We moved to Medellín in November 2018. So, we rented our house in Panama, sold our car, packed and got our dogs ready for the big move.

We arrived in Medellín on November 22, 2018 with 12 pieces of luggage and our two dogs in cargo.

The dogs went to a cargo complex at the Medellín airport. Fortunately, we had the assistance of a driver/helper when we arrived and found the three offices we had to find (yes, three – the shipping company, the agricultural ministry, and the customs office). And after a paperwork glitch we finally were able to see our dogs after three hours.

Also, on our blog we wrote about our arrival in Medellín.

A typical Laureles street

A typical Laureles street

2. Where do you live in Medellín?

After spending time in three different areas in June – Sabaneta, Envigado, and Laureles – we chose Laureles as our first place to live.

We like Laureles which has a wonderfully European feel and is extremely walkable, with quiet leafy streets, large parks, and more restaurants than we’ll ever possibly be able to visit in one lifetime.

In addition, we chanced into a great temporary rental, a furnished two-bedroom apartment that allows pets. We lived in this furnished apartment near the Primer Parque in Laureles for two months to get our bearings while looking for a more permanent rental.

Apartment building in Laureles where John and Susan rented an unfurnished apartment

Apartment building in Laureles where John and Susan rented an unfurnished apartment

3. Did you find a more permanent rental?

Yes, we looked at upwards of 10 unfurnished apartments in Laureles before finding one we liked. We found an apartment of our dreams – a three-bedroom unfurnished apartment on the sixth floor of a building in Laureles.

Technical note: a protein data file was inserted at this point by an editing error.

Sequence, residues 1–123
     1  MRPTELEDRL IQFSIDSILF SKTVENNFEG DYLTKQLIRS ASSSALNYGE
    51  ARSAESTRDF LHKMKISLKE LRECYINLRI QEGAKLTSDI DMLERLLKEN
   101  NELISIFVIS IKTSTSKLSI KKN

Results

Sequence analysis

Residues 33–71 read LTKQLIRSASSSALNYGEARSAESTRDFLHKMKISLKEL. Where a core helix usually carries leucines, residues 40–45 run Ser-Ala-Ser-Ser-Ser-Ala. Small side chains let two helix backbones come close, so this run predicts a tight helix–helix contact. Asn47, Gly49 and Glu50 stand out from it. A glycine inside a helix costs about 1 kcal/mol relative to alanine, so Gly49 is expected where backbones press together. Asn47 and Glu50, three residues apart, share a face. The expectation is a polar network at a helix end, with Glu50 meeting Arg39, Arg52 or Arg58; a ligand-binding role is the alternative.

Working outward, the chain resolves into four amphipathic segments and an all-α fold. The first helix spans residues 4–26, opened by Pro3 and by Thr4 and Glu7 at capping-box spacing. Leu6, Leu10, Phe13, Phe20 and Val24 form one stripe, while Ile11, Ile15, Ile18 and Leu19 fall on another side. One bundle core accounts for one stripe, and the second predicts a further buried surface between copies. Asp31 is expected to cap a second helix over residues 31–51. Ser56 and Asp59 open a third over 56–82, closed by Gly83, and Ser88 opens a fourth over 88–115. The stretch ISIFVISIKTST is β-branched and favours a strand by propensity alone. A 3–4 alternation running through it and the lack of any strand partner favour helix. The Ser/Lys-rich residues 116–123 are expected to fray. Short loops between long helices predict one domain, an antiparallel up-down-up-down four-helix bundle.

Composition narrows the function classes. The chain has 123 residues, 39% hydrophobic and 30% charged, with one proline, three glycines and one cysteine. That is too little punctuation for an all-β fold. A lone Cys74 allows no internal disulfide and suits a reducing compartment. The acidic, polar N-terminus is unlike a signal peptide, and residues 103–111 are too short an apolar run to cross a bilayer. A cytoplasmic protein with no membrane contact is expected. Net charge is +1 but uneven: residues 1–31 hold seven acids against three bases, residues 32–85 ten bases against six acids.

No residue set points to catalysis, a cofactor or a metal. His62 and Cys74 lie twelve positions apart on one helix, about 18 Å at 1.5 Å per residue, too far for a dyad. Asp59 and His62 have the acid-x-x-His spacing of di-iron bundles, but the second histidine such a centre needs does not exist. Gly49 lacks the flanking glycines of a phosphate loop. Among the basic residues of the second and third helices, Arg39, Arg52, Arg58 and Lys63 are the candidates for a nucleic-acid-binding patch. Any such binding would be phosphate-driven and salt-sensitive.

However, we discovered that renting furnished apartments was easy compared to renting unfurnished. As foreigners to overcome the fiador (cosigner requirement) we found we needed to put down a large deposit in the form of a CDT (a type of CD, in U.S. terminology, that does pay interest) and/or pay several months’ rent in advance.

In addition, we wrote about our first three months in Medellín including our experience renting, getting visas and getting health insurance on our blog.

4. What has been your biggest challenge in moving from Panama to Medellín?

Learning Spanish has been our biggest challenge so far. But it’s a good challenge we knew about before moving.

Renting an unfurnished apartment was also big challenge for us. And we found knowing Spanish was important when looking for apartments. But we found a bilingual driver/translator to help.